If all these investors were looking for a safe place to park money that was convenient, liquid, and offered low storage and transaction costs, they could achieve all those goals at least as easily with U.S. government and corporate blue chip bonds. Since the U.S. bonds have every feature of the European ones and are paying higher interest rates (by roughly 2 percent), why would an investor purchase a European bond with a negative yield when she could get an American one with all the same features and a higher yield?
The answer has to be that the investor expects the final yield on the European bond to end up as high as if she had bought an American one. Only one thing could create such an expectation: an expected depreciation of the dollar relative to the euro (or Swiss franc or Japanese yen which also have government bonds at much lower rates).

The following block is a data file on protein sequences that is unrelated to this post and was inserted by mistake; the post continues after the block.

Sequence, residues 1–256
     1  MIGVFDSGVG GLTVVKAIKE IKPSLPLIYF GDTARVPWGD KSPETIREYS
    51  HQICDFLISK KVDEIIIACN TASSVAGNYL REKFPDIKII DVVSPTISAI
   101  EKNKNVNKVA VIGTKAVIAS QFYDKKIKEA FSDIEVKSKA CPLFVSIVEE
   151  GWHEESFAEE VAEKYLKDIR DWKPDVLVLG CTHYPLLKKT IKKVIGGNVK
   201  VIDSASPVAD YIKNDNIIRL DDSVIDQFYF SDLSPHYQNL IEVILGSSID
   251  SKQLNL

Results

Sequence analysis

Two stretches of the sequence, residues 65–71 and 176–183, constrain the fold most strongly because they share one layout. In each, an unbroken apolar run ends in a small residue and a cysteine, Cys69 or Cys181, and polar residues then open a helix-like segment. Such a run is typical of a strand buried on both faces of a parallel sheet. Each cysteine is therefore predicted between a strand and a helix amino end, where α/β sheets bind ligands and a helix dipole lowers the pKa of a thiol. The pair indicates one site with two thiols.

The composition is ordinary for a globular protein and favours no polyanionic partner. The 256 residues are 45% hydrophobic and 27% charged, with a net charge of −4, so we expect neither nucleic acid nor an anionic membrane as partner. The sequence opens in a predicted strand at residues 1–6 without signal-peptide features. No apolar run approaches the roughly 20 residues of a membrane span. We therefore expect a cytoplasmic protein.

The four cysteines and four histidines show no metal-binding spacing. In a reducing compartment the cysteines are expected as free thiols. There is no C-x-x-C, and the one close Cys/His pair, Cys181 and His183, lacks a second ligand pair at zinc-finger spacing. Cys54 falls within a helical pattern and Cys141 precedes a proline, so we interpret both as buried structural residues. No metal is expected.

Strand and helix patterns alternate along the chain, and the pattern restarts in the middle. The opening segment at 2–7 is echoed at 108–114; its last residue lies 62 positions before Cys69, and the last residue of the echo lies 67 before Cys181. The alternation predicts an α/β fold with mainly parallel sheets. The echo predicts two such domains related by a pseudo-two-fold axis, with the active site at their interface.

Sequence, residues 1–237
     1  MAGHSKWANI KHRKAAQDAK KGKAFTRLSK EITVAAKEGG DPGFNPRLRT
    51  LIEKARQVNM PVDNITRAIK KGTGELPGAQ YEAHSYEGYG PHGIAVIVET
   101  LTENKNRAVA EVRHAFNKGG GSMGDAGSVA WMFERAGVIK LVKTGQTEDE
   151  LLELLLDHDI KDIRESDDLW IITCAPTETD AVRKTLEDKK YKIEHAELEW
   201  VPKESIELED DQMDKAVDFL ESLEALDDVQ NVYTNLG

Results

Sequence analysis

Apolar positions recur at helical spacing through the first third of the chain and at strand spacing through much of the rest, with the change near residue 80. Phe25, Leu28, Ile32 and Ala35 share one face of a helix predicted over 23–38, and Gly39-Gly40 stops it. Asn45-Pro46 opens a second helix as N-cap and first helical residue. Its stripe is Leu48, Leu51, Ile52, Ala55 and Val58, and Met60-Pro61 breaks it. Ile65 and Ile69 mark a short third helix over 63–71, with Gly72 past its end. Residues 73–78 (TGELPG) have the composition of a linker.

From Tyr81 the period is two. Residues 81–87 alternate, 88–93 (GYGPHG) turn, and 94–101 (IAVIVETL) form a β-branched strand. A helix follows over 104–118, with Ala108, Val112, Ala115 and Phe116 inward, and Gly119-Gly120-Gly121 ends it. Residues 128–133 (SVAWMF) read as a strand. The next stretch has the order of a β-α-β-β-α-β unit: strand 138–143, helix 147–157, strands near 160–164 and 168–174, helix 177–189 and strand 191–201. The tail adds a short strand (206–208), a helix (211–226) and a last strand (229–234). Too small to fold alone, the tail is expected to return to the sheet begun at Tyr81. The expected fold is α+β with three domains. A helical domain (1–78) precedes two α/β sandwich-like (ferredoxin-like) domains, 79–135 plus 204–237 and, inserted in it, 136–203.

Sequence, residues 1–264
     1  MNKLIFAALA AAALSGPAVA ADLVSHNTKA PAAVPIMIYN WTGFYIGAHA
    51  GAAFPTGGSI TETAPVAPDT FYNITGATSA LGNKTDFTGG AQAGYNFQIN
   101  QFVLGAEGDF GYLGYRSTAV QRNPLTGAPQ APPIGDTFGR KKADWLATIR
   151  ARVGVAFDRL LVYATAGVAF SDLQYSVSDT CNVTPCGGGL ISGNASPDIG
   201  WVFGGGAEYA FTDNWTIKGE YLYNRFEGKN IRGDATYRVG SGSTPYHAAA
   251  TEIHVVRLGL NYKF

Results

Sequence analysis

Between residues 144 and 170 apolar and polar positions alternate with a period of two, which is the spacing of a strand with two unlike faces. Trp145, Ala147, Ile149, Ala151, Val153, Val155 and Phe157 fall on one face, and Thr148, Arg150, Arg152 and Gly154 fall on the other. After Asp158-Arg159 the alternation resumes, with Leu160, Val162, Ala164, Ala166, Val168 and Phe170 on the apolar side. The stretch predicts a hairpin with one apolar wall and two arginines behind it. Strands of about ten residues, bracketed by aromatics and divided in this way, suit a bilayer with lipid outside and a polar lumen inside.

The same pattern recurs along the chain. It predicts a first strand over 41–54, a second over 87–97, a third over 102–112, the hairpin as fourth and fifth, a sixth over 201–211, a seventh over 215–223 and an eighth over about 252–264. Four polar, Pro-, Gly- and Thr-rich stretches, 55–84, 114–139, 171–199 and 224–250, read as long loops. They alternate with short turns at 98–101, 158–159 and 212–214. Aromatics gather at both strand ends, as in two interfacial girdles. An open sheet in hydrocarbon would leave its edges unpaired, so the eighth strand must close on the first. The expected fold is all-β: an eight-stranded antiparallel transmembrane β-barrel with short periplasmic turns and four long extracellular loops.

If investors want the advantages others have listed from top rated bonds, they should be choosing the ones with the highest interest rates given equal risk profiles. Since it seems unlikely that American government bonds (or blue chip corporate bonds) are seen as less safe than European ones, investors must perceive a higher expected return to the European bonds. If the euro gains relative to the dollar between now and the bond's maturity, the European bonds could end up returning more to an investor than the American ones will.
Given that the European Central Bank is about to start its own version of quantitative easing and that the dollar has been strengthening against the euro, it might seem counterintuitive for investors to be counting on the euro strengthening versus the dollar. However, apparently the investors are convinced that the Fed will eventually succeed in its quest to create inflation (while also believing that Germany will not allow the ECB to create much inflation in Europe).